KHARTOUM (Sudanow) - Three of the week’s most important issues that won pubic interest and, consequently, the press commentaries were:
- The declaration of a new political alliance that groups together different Islamist factions, including the dissolved National Congress Party and its splinter group: Reform Now.
- The Call aired by General Burhan for national dialogue
- The increasing incidences of detention and torture of political activists and protesters.
About the declared unification of the Islamic groups in a single alliance, wrote Mr. Ashraf Abdelaziz, Editor of the daily journal Aljareeda (the Newspaper) :
A feverish move is now underway to unify the wide Islamic current with its different factional groups under one umbrella.
This call for the unification of the Islamists has gained momentum following the expulsion from power of the Forces For Freedom and Change (FFC) after the military coup on 25 October 2021.
At that time the lovers of the Islamic movement thought it opportune for the Islamic factions to bypass the bitterness of the past and reunify once again, thus turning the political table on other political forces and taking control of the political scene through a new alliance with the military.
That is why we can see that all those Islamists joining the new alliance are backers of the military coup.
It is now visible that the dissolved National Congress Party (NCP) wants to solidify its position by unifying the Islamists and overhauling its household.
That is why the Party is tickling the feelings of the Islamists that “our enemy has become one” and that “if we do not stand together that would mean the final departure of the Islamic movement from the political scene”, leaving the playground for “the secular groupings represented in the communists, the ba’athists,” etc and that “as long as the Islamic movement is in control of the electorate represented in the tribal leaders, return to power is possible.“
But the biggest challenge that faced the National Congress Party was the difficulty of achieving the unity of the Islamists through the existing Islamist institutions.
For instance, Dr. Ali Alhaj, the General Secretary of the Popular Congress Party (a splinter from the NCP) could not be persuaded by NCP Chairman Mr. Ali Karty about the necessity of unifying the ranks of the Islamists.
Dr. Alhaj has presented himself as the staunchest opponent of General Burhan’s military coup, coupling this attitude of his by effecting changes in the Party in which the frontline leaderships were removed.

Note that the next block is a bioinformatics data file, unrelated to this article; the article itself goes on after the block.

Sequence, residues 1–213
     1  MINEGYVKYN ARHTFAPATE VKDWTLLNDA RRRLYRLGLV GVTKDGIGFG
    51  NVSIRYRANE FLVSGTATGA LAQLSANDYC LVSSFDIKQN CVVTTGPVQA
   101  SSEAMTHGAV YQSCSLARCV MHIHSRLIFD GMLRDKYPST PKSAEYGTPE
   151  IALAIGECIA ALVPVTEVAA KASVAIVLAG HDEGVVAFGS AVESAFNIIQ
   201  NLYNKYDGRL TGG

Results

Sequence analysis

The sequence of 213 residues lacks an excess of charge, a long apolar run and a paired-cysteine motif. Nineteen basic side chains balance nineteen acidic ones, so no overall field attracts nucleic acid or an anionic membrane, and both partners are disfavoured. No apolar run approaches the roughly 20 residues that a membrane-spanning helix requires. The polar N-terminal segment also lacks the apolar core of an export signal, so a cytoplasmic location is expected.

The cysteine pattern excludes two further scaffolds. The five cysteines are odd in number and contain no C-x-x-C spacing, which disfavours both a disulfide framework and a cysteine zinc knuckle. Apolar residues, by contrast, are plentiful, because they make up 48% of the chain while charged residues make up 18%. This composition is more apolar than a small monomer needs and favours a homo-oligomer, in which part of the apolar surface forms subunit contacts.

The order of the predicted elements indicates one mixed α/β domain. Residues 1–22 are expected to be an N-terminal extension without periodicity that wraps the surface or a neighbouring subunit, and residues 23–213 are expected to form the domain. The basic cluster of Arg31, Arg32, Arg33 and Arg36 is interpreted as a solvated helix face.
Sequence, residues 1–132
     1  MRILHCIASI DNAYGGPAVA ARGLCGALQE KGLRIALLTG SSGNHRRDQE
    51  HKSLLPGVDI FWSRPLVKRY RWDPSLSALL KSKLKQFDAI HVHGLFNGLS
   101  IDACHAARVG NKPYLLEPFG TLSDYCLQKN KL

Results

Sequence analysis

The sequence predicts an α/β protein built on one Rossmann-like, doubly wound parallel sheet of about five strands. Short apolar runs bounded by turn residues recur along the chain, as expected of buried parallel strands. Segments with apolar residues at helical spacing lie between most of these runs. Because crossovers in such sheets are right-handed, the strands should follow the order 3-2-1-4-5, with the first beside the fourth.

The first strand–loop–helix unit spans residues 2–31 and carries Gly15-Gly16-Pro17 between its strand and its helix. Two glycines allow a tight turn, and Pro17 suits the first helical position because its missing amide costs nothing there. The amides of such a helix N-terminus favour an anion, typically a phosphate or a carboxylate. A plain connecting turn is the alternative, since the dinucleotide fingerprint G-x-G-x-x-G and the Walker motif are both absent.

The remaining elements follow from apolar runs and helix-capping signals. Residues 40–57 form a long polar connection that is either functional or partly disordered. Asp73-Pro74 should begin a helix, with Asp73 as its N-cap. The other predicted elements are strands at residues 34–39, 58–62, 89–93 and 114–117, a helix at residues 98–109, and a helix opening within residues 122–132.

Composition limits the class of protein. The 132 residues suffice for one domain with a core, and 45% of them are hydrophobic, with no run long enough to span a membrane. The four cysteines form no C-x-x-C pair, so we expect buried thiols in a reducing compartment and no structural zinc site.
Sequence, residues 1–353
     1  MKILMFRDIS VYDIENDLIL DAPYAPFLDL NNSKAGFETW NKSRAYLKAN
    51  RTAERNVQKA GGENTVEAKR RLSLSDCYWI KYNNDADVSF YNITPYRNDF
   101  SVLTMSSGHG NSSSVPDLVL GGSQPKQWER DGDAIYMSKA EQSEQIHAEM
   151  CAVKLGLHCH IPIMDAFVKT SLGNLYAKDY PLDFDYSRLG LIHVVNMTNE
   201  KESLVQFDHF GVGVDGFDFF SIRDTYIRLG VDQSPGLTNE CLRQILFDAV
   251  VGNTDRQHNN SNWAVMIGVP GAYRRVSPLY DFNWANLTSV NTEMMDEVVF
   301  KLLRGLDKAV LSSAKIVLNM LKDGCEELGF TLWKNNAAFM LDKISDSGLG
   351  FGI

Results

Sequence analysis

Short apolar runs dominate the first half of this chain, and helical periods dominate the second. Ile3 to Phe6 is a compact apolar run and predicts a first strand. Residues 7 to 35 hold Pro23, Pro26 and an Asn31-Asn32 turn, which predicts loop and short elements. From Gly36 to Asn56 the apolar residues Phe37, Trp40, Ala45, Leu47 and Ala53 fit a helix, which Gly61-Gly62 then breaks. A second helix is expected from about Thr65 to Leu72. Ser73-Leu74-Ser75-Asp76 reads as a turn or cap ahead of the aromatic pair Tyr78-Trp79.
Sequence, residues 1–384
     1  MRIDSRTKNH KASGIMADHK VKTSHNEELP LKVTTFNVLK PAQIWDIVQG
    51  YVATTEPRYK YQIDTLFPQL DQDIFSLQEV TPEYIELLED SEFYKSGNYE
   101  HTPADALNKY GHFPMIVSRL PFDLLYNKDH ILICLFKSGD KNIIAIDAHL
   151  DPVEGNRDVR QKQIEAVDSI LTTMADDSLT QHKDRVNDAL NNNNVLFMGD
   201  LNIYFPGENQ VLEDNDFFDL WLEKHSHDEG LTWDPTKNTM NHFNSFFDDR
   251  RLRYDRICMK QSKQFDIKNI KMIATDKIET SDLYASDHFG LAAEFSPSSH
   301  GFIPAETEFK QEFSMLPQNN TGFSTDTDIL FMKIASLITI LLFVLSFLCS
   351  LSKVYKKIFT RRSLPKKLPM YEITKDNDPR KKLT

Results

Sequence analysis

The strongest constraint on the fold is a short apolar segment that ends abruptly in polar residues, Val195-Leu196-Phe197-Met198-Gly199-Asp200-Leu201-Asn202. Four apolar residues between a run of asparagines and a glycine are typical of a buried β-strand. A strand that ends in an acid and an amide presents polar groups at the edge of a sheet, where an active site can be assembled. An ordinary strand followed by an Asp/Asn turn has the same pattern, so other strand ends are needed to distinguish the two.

But before this (lame ) unity they are after, the Islamists should realize that their problem is not with the FFC and the secular groups, but rests with their own experiment whose political order came to an end by the arrest of its founder and thinker, Dr. Hassan Alturabi in 2000.
The Islamic movement should further understand that it had failed in the playground it had chosen. That is the playground of morality. In this the Islamists had presented Sudan as one of the World’s most corrupt countries, by the ruling of the Transparency International that ranked Sudan the fifth from the bottom in terms of corruption. As part of its mismanagement of the country’s affairs, this movement has failed to keep Southern Sudan as part of the country.
It has also killed innocent citizens in Darfur as conceded by General Bashir during a Ramadan breakfast event organized at the home of Darfuri politician, Dr. Altijani Alsisi.
This movement was also behind the wars in the two areas (the Southern Blue Nile and the Southern Kordofan districts) as well as the other grave mistakes it had committed against the people of Sudan.
Many of the preachers of the unity of the Islamists are still of the view that this unity should not only mean the control of the government, but should also mean the redrafting of all the aspects of human life in the country.
For these the Islamic regime should determine for its citizens not only who should rule them, but also their moral, cultural and artistic priorities. But as experiment has shown, this is against the essence of human nature, violates the principal freedom of choice and the right to privacy. And this is no longer acceptable after the revolution, let alone the fact that the symbols of this call for unity are the same leaderships we have already seen in the movement’s dark past.
On General General Burhan’s declared call for national dialogue, wrote outspoken news analyst, Editor of the daily newspaper Aldemograti (the Democrat), Ms. Asma Juma’a.
Her editorial has come under the title: “Caution… Burhan is Bargaining….Not Negotiating.”
She has said:
Burhan has said in those statements of his that: “We are in a difficult time in which we, all of us, should give concessions for the sake of the country.”
He also spoke about the deteriorating economy and security. He said they were ready to offer all that prepares a conducive climate for dialogue.
But he did not concede that he is the cause of this mess.